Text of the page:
Italian researchers say they’ve seen images of the brain changes caused by the disease to a person’s sense of smell for the first time in a living human patient.
Not all coronavirus patients will experience neurological symptoms of the disease, but up to 65 percent will lose their sense of smell. And while it may seem plausible that the virus would have this effect because it travels through our airways, the MRIs show that the virus actually attacks the brain and can change it in visible ways.
In the scans, it is clear that there are fluctuations in the part of the brain known for controlling the olfactory sense. The patient in question is a 25-year-old Italian radiographer who was otherwise healthy. She worked in the hospital with coronavirus patients, and she did not experience severe symptoms when she became infected.
In fact, she said that she had a dry cough that only lasted a day. She never developed a fever and reported feeling mostly okay, but she was unable to smell anything, and her food and drinks tasted different. After her nose and chest exams seemed normal, doctors carried out an MRI of her brain to explore further.
What they found were changes in the right gyrus rectus and her olfactory bulbs, which take sensory information in from the nose and then pass it to the gyrus rectus for processing. The changes looked like those seen in viral attacks on the brain, and a subsequent coronavirus test was positive.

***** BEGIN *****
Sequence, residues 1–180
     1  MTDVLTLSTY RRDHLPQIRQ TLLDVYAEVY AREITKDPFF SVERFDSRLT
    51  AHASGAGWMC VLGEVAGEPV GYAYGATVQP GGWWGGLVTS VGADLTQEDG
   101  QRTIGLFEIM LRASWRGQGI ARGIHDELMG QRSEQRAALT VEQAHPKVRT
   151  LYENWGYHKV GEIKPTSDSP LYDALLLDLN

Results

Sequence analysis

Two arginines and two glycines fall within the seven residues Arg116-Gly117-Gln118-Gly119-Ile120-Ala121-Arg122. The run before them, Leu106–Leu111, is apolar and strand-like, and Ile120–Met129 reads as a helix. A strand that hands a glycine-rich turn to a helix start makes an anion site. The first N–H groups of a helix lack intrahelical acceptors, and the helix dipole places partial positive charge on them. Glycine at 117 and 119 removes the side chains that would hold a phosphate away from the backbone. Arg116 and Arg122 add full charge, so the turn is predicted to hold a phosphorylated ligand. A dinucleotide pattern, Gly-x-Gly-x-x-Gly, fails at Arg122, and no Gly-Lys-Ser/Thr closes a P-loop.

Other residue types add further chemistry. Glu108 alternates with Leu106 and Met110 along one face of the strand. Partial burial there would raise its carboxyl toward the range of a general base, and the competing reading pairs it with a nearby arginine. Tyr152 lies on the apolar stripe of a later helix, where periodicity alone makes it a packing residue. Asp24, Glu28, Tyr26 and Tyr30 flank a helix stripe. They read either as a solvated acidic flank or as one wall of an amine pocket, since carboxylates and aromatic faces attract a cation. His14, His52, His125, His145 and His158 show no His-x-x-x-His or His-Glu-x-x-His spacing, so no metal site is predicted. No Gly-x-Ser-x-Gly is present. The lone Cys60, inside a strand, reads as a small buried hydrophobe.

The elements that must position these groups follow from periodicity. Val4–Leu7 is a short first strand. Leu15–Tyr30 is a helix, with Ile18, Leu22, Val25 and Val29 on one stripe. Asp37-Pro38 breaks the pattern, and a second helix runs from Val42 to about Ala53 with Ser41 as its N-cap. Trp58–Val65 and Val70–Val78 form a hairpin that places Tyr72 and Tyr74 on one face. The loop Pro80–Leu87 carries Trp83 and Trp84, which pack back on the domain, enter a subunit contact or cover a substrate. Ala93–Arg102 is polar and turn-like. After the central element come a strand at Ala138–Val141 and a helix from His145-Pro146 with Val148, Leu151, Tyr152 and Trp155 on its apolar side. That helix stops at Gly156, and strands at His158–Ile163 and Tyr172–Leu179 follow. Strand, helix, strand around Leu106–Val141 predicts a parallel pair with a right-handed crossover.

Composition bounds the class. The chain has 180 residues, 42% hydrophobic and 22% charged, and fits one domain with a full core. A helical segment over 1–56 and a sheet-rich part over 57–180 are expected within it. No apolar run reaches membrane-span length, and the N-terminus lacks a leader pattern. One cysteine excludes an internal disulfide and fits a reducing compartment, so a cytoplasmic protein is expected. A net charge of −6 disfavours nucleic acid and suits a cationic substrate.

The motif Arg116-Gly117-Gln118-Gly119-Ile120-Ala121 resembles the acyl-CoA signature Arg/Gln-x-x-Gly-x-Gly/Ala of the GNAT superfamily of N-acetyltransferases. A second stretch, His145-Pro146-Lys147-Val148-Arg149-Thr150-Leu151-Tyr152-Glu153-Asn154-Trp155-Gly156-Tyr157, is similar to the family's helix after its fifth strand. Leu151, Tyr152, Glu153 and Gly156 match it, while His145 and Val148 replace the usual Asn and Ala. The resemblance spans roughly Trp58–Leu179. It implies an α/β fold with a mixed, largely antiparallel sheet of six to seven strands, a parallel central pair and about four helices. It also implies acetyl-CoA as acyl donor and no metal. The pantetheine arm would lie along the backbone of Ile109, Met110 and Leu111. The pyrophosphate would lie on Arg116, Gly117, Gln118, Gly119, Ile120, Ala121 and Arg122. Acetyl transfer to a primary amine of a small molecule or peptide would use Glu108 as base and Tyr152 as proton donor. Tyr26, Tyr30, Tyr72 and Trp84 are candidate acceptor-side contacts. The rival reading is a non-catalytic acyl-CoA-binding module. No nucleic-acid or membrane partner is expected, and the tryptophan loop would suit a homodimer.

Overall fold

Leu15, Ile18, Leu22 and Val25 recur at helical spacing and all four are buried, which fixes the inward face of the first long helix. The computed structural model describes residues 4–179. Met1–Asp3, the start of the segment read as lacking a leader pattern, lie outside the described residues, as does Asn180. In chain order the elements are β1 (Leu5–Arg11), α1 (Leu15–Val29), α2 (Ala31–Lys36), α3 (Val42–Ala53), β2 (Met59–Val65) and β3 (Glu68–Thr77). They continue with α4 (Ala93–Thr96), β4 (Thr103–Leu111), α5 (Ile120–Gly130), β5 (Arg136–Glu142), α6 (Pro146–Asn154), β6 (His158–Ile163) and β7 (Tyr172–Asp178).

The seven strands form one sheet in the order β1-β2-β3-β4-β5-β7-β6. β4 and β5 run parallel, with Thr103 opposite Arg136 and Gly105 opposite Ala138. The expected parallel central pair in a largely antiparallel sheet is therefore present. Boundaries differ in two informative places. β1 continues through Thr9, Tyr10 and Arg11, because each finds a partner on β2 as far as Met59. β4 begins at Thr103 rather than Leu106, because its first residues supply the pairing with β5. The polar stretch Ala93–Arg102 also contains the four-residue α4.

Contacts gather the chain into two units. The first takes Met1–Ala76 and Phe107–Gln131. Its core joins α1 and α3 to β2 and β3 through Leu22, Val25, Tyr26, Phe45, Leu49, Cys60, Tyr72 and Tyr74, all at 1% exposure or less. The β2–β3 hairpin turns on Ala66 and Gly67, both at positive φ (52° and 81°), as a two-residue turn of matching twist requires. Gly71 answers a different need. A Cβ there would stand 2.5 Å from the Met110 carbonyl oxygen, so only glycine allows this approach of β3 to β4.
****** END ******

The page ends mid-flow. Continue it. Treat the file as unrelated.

When another MRI was performed 28 days later, it showed that her brain was beginning to go back to normal, but her olfactory bulbs were still inflamed. Thankfully, she eventually got her sense of smell back.
The woman’s brain alterations were consistent with changes seen in autopsies and animal studies, but hers was the first time the effect was seen in imaging of a living human brain. Interestingly, the doctors say that MRIs of two other coronavirus patients who also lost their senses of smell did not show similar brain changes.
In April, the CDC added “new loss of taste or smell” to its officially recognized coronavirus symptom list, along with other new symptoms such as chills, muscle pain, sore throat, headache, and repeated shaking with chills. The CDC had previously only listed a fever, shortness of breath, and cough as COVID-19 symptoms.
The revisions came as a study of COVID-19 patients found that all but one person experienced at least some degree of “smell dysfunction.” A different study involving 202 patients discovered that 130 had some altered sense of smell of taste, while a third study involving 59 patients revealed that 40 had lost their sense of smell and 42 had lost their sense of taste.
For some people, the loss of their sense of smell may be the only symptom they experience, which is why adding it to the list was so important to help make it easier to identify people who might have the disease so they can isolate themselves and help prevent the disease from spreading.
Harvard Medical School Associate Professor of Otolaryngology Dr. Eric Holbrook told The Boston Globe that people who suddenly lose their sense of smell or taste should act as though they could have the disease and take the necessary precautions until they’ve gotten further guidance from a medical expert.
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